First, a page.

I am not justifying corruption, but it’s a fact that graft is part and parcel of capitalism, though the level differs from country to country. This has been proved by western politicians and Wall Street bankers in the past couple of years. In the US, the bankers and financial giants robbed the American people, mostly the middle and working-class, clean and then declared themselves bankrupt, and they were bailed out by the American government with public money. This was the world’s biggest daylight robbery. And no one, except Michael Moore, raised the red flag.

In the US, this brazen act of corruption made thousands of houses go under water and millions became jobless, but in India something more sinister and dark has been happening in the garb of the Games. In the past two years or so, the governments of this country and this city have launched a full-scale war on the poor. Millions of poor people from the country’s dustbowls have been brought here to work at the Games’ construction sites. They have been slogging day and night at the venues and living like animals under plastic sheets, sleeping on wet ground and eating filthy food. That food is just about enough to keep their body and soul together so that they can build the glass and chrome buildings and showcase India Shining to the world.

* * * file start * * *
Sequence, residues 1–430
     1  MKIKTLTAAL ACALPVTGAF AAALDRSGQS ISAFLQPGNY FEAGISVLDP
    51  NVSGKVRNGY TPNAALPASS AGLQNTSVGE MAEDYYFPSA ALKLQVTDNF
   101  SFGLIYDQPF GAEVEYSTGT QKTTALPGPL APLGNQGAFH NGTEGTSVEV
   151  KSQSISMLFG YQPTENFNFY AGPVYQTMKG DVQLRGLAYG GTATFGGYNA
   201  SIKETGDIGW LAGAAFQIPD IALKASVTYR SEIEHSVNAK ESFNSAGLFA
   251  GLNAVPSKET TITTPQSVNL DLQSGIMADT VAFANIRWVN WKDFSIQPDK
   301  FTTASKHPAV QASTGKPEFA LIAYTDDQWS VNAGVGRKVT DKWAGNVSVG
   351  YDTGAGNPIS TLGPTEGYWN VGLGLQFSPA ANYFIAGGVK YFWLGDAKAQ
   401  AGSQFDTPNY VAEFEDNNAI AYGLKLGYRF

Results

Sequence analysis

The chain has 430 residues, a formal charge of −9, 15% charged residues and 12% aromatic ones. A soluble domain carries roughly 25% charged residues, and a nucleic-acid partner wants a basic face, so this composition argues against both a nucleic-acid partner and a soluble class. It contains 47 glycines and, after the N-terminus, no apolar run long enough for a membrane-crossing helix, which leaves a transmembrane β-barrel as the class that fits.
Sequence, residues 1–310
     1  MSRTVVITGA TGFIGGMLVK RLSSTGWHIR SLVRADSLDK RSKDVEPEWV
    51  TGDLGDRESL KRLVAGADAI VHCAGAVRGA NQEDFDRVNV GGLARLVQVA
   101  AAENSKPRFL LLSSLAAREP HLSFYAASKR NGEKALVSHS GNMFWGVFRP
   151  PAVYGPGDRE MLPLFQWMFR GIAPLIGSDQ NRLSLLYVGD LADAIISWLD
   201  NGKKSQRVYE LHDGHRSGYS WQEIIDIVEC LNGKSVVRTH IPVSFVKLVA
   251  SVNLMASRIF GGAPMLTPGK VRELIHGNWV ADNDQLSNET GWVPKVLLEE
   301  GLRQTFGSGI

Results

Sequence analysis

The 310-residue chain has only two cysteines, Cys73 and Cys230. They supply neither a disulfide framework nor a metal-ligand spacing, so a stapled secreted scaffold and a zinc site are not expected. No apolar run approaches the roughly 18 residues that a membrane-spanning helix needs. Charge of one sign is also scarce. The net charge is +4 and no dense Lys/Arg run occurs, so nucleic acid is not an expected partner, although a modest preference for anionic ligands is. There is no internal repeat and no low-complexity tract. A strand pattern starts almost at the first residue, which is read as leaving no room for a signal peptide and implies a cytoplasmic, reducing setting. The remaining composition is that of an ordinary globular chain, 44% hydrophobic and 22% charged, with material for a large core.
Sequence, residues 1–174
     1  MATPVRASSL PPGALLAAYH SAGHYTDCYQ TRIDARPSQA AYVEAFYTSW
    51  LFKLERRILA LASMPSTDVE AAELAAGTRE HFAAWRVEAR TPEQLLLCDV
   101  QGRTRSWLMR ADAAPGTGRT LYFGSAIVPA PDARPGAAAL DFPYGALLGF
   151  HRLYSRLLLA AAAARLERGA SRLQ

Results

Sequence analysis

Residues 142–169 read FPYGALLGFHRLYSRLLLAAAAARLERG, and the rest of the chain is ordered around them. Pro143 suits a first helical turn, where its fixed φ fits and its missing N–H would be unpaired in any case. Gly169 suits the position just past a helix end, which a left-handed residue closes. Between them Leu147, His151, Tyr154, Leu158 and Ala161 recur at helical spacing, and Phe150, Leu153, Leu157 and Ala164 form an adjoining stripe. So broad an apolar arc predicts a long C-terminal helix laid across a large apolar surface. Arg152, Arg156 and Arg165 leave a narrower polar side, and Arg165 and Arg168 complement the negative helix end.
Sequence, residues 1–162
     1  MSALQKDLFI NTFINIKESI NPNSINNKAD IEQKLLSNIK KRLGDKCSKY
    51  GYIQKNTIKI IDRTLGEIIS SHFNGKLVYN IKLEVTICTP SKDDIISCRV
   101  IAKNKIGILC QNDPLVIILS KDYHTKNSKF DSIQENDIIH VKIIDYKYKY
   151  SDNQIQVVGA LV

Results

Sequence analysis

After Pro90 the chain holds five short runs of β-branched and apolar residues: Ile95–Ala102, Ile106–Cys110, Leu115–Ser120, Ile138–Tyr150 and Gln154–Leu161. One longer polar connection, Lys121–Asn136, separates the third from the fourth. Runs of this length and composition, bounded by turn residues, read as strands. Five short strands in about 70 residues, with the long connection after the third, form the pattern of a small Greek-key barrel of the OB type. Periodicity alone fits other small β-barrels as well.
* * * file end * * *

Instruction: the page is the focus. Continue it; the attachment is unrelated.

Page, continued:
In 21st century India, the street dogs are luckier than the poor. The dogs make news for shitting on expensive beds and the poor workers go to snake-infested swamps to take a leak at night, get bitten and die and not a soul is stirred.

On one hand the government has brought these people from poverty-ravaged villages to work on its corruption-tainted buildings, and on the other hand lakhs of hard-working but poor people have been thrown out of the city so that the foreigners coming here for the Games do not see the ugly, dirty side of India. Thousands of people living in Yamuna Pushta area were plucked from their houses and dumped on a wasteland in Haryana. Beggars were packed off earlier. Now, the police are scanning the slums of Delhi and Gurgaon and people are being forced to board trains back to their villages. These people have been living and working here for years and suddenly they have been asked to leave. The government doesn’t want any filth in the city during the Games. It’s putting bamboo screens in front of the slums.